By Ray Wallin
Netflix is part of our cultural conversation with over 214 million subscribers worldwide. It is accessible from your television, tablet, smartphone, virtual reality headset, and video game consoles with award winning, high quality content.
Netflix wasn’t always in the film and television show business like it is today. It was started in 1997 by Reed Hastings and Marc Randolph with a focus on renting and selling DVDs by mail. It was a big deal at the time as they were pitted against Blockbuster video in the movie rental market.
About the time I stopped using my Blockbuster business card, Netflix was getting out of the DVD game and into providing streaming content and video on demand. The rest is history. Blockbuster filed for bankruptcy in 2010 and closed almost every store by 2014. Netflix is now the largest entertainment/media company by market capitalization.
While Blockbuster stayed the course, hemorrhaging money in the process, how was Netflix about to pivot so successfully?
It is part of the culture of Netflix and what makes them one of the most sought after places for the higher performing staff to work for. It has been the key to their growth and ability to expand successfully into various regions, markets, and content genres.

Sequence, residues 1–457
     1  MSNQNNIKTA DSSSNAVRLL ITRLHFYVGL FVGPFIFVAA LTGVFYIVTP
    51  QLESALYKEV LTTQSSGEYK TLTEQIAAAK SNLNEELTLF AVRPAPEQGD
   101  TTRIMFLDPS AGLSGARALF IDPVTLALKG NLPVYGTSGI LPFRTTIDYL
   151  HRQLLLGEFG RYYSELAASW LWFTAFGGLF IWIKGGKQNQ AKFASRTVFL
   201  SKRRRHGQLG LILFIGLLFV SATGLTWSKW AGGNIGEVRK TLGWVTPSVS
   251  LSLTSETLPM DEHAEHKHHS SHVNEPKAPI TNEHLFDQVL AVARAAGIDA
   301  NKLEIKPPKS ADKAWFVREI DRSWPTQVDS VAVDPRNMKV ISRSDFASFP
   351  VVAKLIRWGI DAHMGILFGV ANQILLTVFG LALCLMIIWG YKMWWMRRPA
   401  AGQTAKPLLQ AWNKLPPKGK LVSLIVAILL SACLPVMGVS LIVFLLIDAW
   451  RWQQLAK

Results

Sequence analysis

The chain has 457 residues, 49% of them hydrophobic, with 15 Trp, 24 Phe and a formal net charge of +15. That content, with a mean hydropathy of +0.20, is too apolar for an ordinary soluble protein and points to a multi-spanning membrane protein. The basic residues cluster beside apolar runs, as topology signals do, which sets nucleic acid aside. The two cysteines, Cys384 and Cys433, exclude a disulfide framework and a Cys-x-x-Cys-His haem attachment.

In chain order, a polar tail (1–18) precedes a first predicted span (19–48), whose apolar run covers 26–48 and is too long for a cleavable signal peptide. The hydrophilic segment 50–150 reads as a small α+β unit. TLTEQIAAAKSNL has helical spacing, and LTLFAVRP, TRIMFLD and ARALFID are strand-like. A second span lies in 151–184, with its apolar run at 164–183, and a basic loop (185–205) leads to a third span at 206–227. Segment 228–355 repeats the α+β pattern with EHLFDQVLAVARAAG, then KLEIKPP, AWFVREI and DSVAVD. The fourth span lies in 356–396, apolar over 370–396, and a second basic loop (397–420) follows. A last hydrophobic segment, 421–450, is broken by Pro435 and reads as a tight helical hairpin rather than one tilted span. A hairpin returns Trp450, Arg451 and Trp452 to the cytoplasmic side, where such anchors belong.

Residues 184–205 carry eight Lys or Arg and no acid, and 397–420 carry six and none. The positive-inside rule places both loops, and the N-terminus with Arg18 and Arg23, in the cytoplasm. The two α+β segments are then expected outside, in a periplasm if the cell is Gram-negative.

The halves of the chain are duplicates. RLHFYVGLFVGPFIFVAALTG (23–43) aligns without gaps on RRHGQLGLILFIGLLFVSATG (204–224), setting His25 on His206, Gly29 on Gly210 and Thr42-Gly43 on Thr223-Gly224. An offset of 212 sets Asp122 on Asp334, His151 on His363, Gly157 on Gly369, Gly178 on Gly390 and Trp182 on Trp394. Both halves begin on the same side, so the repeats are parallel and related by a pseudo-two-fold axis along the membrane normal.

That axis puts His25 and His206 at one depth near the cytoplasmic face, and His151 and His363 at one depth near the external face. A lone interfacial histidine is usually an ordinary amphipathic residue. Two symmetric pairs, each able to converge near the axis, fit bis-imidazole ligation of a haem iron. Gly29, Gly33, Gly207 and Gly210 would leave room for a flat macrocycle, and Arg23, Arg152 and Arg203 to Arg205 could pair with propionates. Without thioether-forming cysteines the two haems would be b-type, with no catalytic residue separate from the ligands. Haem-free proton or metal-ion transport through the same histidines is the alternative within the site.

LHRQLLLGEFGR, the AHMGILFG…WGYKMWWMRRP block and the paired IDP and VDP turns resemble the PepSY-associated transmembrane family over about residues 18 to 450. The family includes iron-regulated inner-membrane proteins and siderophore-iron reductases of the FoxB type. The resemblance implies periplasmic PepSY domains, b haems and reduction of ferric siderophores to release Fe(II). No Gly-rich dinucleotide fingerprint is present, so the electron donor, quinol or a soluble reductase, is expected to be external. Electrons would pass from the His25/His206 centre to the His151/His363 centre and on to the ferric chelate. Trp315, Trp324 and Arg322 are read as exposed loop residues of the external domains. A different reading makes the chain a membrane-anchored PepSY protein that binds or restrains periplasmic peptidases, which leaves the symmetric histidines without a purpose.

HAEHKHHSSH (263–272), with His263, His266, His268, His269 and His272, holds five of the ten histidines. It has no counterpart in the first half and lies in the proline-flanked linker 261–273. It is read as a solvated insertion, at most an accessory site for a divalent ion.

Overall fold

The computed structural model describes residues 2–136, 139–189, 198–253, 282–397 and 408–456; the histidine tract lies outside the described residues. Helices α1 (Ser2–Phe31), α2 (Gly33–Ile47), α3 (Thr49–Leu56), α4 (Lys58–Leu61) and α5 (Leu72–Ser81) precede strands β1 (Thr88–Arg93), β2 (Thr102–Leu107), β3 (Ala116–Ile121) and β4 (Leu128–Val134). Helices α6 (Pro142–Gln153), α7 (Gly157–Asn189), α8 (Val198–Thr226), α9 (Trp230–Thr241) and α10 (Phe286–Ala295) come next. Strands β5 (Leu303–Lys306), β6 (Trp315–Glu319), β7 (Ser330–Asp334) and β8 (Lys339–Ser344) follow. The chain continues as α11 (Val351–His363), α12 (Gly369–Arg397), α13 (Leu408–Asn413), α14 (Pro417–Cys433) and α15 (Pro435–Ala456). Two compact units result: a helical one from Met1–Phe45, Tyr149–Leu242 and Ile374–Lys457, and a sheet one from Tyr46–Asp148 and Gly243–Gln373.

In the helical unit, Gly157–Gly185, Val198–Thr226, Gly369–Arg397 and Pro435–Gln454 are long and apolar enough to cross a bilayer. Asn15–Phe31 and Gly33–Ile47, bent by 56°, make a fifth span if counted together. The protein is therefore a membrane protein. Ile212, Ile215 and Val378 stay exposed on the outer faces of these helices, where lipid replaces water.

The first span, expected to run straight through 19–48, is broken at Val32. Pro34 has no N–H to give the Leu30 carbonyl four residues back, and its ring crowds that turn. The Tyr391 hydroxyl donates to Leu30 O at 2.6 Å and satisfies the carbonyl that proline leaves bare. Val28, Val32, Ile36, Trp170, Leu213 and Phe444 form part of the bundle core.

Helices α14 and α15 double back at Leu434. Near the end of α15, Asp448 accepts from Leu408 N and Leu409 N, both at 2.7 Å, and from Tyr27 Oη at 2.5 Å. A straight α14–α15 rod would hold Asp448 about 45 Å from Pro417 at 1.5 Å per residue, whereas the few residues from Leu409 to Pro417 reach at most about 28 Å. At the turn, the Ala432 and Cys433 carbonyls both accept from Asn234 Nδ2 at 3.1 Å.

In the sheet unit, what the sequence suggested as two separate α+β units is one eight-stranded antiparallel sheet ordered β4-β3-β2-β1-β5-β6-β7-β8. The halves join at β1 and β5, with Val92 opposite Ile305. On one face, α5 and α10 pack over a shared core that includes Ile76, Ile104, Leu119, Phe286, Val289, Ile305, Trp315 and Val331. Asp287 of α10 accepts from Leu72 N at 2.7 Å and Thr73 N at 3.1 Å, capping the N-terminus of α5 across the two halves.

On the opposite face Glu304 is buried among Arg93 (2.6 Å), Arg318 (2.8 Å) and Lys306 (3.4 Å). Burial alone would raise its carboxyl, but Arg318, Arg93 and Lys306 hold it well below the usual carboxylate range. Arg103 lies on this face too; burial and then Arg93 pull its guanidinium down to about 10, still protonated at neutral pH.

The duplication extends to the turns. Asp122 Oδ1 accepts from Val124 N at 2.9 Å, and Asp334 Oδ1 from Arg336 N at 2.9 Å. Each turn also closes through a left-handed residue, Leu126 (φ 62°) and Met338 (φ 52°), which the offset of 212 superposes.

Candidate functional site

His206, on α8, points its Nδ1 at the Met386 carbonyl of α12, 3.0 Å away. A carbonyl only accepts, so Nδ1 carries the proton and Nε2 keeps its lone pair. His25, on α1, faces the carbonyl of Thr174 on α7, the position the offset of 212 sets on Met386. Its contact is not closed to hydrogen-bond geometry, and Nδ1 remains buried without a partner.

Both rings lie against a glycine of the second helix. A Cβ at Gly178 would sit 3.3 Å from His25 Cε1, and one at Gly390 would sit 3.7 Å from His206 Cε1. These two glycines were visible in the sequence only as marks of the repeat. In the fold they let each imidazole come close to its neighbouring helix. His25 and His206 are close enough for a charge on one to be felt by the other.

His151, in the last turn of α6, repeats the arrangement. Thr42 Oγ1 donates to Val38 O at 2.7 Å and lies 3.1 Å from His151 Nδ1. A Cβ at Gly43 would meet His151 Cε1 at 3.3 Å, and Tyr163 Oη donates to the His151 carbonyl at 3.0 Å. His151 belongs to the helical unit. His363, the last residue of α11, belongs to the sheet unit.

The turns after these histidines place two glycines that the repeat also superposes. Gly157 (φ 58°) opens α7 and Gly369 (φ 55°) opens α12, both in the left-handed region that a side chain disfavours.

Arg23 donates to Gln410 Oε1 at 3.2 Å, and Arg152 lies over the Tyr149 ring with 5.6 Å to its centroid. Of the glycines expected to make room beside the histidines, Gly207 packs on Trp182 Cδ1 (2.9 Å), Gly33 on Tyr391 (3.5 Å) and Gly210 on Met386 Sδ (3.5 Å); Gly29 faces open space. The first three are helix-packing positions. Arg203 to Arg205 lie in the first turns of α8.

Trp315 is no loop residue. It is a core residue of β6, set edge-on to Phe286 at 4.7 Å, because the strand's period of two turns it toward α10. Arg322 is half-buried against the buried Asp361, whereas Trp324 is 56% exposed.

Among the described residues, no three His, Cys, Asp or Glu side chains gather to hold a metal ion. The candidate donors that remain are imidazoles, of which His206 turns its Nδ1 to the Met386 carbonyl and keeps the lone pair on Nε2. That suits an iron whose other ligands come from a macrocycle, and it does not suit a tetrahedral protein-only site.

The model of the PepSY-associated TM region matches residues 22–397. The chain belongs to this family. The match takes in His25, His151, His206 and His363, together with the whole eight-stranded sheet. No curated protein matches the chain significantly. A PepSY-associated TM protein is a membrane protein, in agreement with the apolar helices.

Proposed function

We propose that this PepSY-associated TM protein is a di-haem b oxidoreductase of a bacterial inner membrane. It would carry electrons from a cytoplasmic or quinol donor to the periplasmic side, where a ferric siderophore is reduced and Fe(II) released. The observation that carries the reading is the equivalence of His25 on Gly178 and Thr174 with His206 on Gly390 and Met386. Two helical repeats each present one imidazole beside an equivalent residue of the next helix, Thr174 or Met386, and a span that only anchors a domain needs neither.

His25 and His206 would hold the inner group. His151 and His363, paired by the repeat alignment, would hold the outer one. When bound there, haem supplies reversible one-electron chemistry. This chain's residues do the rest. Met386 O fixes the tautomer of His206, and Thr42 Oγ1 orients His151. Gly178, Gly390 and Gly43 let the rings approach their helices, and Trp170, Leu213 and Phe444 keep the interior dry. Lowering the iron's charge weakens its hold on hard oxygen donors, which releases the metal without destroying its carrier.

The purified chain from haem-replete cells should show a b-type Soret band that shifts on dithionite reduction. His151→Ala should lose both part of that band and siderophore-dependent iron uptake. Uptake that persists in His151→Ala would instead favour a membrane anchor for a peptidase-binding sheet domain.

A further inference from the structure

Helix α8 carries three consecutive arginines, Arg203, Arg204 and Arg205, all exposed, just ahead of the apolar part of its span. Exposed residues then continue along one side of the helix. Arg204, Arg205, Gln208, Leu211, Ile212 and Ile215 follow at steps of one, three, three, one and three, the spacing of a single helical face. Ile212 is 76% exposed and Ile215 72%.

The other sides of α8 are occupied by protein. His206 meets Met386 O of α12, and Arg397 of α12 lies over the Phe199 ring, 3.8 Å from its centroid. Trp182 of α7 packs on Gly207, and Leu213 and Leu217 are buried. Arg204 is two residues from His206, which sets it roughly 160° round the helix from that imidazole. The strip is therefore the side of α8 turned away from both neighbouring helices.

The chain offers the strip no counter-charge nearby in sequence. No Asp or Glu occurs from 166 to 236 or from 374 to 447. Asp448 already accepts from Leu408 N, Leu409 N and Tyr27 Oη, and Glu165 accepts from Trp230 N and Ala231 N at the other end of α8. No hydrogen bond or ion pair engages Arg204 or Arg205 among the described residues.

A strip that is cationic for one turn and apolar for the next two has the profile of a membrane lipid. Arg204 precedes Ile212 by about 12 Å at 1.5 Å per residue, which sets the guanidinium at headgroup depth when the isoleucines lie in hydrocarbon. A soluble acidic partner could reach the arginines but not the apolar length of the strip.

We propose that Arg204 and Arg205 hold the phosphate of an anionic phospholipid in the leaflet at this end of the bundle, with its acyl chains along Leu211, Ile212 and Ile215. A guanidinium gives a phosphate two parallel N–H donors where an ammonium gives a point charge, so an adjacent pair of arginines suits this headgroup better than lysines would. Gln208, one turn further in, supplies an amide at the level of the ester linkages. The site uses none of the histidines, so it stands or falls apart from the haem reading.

As handicappers, we are all full of ideas for figures, systems, and spot play angles. Some are winners, some are losers. But every idea is worth pursuing to see how it shakes out by following the Netflix innovation cycle.
At Netflix, when an idea is proposed everyone who has an opinion on it gives it candidly. In fact, difference of opinion is welcomed and expected as it is part of the corporate culture. Having the different perspectives from every level of staff allows the leaders to make the most informed decisions and think of issues that others may see that they haven’t considered.
When looking for constructive feedback or a dissenting view, you have two options. You can either ask another handicapper what they think, or you can play the devil’s advocate and try to poke holes in your own idea.
Rarely do we work with others to handicap a race card since our opinions and approaches to races are so different so you are best doing a premortem on your own logic and looking for what factors may or may not impact the success of your handicapping development.
Even if you are not sold on whether something will be successful, you can track it and see what the impact is anyway. Some of my best angles are actually angles that exclude, rather than select, entrants for consideration as contenders, or “via negativa.”
Playing a new angle, figure, or method on paper is time consuming, but the result is often worth it while preserving your bankroll while you are uncertain of the performance. Keep meticulous records and track any secondary factors, such as class moves or days since last race that make sense. Once you have collected enough representative races in your database you can start to see what direction the performance is headed being mindful of any anomaly results, like the $40 winner, that may skew the ROI.